Patients plead with JOHESU to end strike

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By Awayi Kuje


Keffi    –     Some patients at the Federal Medical Centre (FMC), Keffi, Nasarawa State, have appealed to the Joint Health Sector Unions (JOHESU) to save further loss of lives by suspending its strike.
A News Agency of Nigeria (NAN) Correspondent who visited the centre reports however that doctors are offering services to patients.
NAN recalls that FMC Keffi chapter of JOHESU joined the nationwide indefinite strike declared by its national body on Sept. 21.
The patients, who spoke in separate interviews with NAN, also appealed to the Federal Government to consider the demands of JOHESU with a view to resolving the dispute in the interest of Nigerians.
Mr Joe Agbo, an in-patient, said: “The absence of nurses and other health workers is affecting our health negatively.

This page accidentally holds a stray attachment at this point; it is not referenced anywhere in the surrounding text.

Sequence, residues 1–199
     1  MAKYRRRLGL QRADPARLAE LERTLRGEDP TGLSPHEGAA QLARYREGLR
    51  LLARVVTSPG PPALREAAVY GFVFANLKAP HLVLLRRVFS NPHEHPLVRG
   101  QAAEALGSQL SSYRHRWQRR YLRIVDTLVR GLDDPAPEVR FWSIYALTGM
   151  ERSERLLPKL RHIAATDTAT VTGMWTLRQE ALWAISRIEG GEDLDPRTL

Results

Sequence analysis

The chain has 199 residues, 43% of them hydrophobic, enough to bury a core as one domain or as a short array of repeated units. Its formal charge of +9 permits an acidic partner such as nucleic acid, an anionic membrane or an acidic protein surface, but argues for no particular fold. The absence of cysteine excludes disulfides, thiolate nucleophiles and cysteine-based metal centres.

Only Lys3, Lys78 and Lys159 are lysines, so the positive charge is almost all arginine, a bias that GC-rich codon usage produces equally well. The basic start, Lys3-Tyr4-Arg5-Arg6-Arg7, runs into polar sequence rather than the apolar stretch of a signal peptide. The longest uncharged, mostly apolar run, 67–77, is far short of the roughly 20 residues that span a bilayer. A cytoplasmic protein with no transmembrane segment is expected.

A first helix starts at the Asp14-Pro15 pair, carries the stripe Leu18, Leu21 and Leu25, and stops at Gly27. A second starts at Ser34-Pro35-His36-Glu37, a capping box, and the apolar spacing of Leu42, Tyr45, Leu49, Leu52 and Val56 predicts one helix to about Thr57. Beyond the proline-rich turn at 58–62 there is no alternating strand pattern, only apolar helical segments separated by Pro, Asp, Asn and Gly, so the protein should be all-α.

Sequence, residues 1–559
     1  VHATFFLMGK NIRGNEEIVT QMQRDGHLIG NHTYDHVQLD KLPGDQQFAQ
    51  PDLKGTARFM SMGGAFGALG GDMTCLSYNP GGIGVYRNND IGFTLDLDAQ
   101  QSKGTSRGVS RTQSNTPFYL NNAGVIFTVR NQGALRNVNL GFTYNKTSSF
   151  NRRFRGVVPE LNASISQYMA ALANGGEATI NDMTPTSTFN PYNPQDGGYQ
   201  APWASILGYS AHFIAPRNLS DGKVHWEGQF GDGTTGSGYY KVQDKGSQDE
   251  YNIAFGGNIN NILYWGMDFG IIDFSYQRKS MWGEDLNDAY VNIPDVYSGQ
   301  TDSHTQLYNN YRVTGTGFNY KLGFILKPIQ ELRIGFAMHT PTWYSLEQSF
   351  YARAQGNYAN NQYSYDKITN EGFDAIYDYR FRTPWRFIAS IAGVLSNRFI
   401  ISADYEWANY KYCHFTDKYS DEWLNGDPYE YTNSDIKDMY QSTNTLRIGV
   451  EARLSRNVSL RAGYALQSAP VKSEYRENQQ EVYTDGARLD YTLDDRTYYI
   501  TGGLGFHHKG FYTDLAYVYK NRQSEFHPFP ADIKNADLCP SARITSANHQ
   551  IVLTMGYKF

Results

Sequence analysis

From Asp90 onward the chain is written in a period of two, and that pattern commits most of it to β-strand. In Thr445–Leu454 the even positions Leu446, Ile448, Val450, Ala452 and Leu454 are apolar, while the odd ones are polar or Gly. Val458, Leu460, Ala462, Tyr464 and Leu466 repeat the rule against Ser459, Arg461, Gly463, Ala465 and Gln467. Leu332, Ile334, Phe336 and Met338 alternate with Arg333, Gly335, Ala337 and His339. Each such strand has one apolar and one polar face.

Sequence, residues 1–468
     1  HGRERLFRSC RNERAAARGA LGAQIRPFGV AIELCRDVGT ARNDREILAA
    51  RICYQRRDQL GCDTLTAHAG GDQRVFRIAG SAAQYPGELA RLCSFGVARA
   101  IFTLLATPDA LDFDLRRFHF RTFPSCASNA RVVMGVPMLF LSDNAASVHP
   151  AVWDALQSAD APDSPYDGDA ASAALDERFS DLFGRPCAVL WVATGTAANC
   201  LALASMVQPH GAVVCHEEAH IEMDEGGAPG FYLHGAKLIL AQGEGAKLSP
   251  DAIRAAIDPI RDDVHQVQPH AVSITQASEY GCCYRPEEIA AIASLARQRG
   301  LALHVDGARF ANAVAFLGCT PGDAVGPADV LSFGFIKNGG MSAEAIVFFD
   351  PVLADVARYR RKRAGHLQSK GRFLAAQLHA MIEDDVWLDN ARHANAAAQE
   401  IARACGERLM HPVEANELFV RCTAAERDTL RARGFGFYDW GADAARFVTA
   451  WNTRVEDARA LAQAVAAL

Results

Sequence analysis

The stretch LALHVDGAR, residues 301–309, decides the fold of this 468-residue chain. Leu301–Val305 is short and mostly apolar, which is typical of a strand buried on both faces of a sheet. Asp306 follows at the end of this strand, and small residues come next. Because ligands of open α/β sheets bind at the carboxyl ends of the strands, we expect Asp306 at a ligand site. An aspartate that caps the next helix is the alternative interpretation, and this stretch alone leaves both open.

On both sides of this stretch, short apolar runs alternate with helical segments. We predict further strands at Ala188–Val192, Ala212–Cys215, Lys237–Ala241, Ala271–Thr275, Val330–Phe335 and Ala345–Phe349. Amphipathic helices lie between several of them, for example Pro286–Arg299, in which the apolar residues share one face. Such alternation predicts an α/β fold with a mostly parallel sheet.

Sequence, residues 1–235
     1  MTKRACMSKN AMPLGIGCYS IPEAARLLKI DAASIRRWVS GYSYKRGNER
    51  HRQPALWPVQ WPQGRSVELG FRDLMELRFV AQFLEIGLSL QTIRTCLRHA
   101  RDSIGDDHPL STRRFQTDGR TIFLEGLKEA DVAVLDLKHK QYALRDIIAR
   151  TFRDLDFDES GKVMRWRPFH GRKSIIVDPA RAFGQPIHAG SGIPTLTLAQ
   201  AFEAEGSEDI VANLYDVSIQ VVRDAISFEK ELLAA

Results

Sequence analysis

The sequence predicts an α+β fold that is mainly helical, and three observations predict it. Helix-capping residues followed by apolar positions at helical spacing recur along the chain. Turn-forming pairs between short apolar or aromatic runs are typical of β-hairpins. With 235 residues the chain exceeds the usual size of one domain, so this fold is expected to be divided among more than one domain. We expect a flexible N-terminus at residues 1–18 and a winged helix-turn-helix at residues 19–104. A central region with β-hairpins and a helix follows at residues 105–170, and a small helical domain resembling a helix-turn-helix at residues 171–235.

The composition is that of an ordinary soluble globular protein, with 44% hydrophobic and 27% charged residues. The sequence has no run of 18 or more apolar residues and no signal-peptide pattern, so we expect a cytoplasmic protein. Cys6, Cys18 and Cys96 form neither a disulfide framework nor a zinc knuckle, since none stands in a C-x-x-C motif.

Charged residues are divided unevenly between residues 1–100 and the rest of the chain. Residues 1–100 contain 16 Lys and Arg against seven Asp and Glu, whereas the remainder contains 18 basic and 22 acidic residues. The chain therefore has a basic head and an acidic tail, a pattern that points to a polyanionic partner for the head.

“Because when doctors consult and make prescriptions, the nurses who should administer those prescriptions are not available to do that.
“We are not happy about the situation because the less privileged who cannot afford to go to private hospitals are the ones at the receiving end of this strike.
“The doctors are doing their best; but we want the nurses and other health workers to resume work as all of them have their different roles in this business of saving lives.”
Another patient, Mrs Fatima Abdullahi, urged the federal government and the union to reach a compromise for the sake of the masses.
Abdullahi said the least Nigerians deserved was attention to their health in the face of current economic hardships, urging both parties to shift ground to avert further loss of lives due to inadequate healthcare delivery.
“Though doctors are providing services, the services of nurses and other health workers are critical too for effective healthcare delivery,’’ she said.
NAN reports that the JOHESU embarked on the industrial action to press home demands for improved condition of service and facilities in health institutions.
The members are specifically asking for the review of their retirement age from 60 years to 65 years and autonomy of the teaching and specialist hospitals.
Other demands include adequate funding of the health sector, abolition of scale to scale promotion and salary review.

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